The Challies family is not what it used to be. It is not what it used to be because we have experienced some profound changes over the past few years. Most of these changes have been normal and good—children going to college, children getting engaged, children moving out—, while one has been unexpected and grievous—a child going to heaven. Between them, these changes have left life and family very different than it was before.
I don’t know what aging parents tend to think of when they ponder the halcyon days of yore. I don’t know what period of life they remember, what memories come to their minds, as they consider “the good old days.” Do they remember the times when their children were tiny? Do they remember the times when their children had children of their own? What memory brings them the greatest joy, the sweetest delight? Whatever it is, I am certain it must be a memory in which the entire family is intact, all gathered and present together.
My family has by no means finished making memories. I have every confidence that we will continue to make good memories well into the future. I have every confidence I will soon have many new memories to recount and enjoy. Yet I also know the only memories of the whole family are ones set in the past, ones from before November 2020.
I often find my mind drifting back to grab hold of some of these memories, and have found a number of candidates for the best of them all. I love some we made during family vacations, when we explored other provinces and traveled through foreign countries—walking the red-sand beaches of Prince Edward Island, ascending the towering mountains of British Columbia, navigating the cobbled streets of Edinburgh. I love some we made during holidays, when we sat around the Christmas tree and watched the kids laugh and squeal with excitement. I love some we made on quiet winter evenings, gathered around the fire to read wonderful books—The Lion, the Witch, and the Wardrobe, Anne of Green Gables, The Dog Who Wouldn’t Be, Little House on the Prairie.
But there is one I love more than any other. It’s one I navigate almost like a 3-D rendering, zooming closer and farther, approaching from this angle and that, watching every movement and listening to every word. We are seated around the table, each of us in our usual place. Aileen is beside me and the three kids across from me—Michaela to the left, Abby in the middle, Nick to the right. We have just finished dinner and the table is cluttered with plates, glasses, and cutlery. I have cleared a space where I have opened our big leather-bound ESV Study Bible. And together we are doing the simplest and normalest of things—we are reading and praying.
Many of my best memories are of events that happened one time or perhaps a few times. But my favorite of all is an event that happened day after day and year after year. A skilled artist can take a thousand photographs and collate them to make a single image, and in much that way, I see a single memory that is probably a collage of a thousand. I have no sweeter memory than the family gathered before the Lord, the family gathered to hear from him and speak to him together. I have no sweeter memory than of our family devotions.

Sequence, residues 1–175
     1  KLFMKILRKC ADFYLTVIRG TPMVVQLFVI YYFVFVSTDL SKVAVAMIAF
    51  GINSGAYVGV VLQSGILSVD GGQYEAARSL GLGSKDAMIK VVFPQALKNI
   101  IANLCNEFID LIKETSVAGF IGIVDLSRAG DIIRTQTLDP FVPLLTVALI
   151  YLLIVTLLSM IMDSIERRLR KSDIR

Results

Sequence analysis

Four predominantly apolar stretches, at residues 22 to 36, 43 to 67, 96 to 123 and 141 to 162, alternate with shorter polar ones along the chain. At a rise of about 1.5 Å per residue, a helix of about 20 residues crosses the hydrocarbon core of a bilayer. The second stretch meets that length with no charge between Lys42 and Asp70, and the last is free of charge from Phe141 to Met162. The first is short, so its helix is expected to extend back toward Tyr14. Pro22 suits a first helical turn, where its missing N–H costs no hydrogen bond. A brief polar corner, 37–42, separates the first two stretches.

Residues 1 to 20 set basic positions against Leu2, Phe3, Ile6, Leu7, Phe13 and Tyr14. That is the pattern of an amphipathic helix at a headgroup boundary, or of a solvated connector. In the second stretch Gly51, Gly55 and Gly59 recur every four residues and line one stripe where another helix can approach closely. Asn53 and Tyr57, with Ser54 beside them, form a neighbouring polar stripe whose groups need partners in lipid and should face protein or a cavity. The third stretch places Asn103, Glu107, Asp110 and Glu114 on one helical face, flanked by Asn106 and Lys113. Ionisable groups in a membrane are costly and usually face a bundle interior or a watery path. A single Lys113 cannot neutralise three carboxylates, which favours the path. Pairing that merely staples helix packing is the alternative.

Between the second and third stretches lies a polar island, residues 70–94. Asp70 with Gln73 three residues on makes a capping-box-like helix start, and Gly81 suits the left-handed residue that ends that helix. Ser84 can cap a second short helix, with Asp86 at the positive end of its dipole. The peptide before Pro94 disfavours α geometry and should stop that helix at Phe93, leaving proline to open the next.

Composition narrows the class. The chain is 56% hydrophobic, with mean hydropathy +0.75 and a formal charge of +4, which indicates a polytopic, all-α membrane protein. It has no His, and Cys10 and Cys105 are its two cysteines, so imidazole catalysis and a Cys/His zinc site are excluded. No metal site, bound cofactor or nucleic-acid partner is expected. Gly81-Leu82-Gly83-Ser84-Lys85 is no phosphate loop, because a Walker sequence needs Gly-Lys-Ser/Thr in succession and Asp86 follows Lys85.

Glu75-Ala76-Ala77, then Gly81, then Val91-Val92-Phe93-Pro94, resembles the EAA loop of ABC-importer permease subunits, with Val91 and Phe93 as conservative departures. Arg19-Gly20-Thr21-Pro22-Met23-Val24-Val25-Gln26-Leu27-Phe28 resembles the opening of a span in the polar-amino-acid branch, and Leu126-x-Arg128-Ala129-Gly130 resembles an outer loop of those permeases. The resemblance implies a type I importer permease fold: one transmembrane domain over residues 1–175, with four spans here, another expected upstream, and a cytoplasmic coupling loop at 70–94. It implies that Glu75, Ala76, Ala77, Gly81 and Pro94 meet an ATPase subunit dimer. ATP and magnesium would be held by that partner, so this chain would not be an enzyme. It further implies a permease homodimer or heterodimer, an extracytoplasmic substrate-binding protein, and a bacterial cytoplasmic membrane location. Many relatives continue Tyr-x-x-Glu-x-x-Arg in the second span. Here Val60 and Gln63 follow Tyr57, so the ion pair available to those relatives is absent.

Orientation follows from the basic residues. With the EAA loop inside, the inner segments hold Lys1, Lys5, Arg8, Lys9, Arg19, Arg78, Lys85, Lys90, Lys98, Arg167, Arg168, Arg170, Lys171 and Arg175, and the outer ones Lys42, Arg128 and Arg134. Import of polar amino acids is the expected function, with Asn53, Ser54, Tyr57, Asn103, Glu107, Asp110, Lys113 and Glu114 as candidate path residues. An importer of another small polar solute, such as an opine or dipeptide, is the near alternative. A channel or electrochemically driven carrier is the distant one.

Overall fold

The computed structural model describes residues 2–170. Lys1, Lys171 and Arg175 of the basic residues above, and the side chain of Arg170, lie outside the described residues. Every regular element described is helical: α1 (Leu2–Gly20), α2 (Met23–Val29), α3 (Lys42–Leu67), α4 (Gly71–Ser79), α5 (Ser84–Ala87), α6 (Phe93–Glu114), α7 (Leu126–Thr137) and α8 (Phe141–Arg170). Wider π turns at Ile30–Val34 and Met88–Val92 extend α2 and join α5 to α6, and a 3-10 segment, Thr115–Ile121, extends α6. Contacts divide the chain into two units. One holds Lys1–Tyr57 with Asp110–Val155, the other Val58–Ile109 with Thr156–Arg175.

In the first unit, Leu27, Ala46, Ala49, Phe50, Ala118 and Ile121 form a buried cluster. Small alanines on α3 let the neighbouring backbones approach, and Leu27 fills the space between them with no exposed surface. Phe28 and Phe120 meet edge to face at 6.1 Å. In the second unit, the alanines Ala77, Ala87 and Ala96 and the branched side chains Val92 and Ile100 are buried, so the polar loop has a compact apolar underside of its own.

In my memory I read a few verses of one of those narrative passages of the Bible that were our focus over the years and that we came back to again and again. Then I pause to ask a couple of questions and offer some brief commentary that helps apply what we’ve heard. I ask the kids how I can pray for them, and then pray briefly but sincerely. And then we are done—done for another day, done for another iteration.
I think this must be my favorite memory because it represents our most established family tradition and most repeated family ritual. We committed to it when the children were young and stuck with it all the way through raising them. We continue to emphasize it to this day. It’s a symbol of our shared commitment to the Lord, of what we count as the highest priority.
But I think it’s also my favorite because I am certain the Lord used our family devotions as one of the means through which he drew our children to himself. I can think of no single evening that was particularly significant in this regard or one that stands far above the others. The significance was in the repetition, in the commitment, in the way it demonstrated that the deepest way we could be bound together was not through a common surname or through common DNA, but through a common Savior.
And God, by his grace, called each of our kids to himself. He opened their eyes to see him, he opened their minds to know him, he opened their hearts to love him. He may not have done this precisely through family devotions, but I’m certain he didn’t do it apart from it, either. And in that way, this memory points forward—forward to the day when we will be reunited and whole, forward to the day when we will begin to make new memories, forward to the day when we will once again gather to worship the God who saved us, the God who made us not only part of our family, but part of his.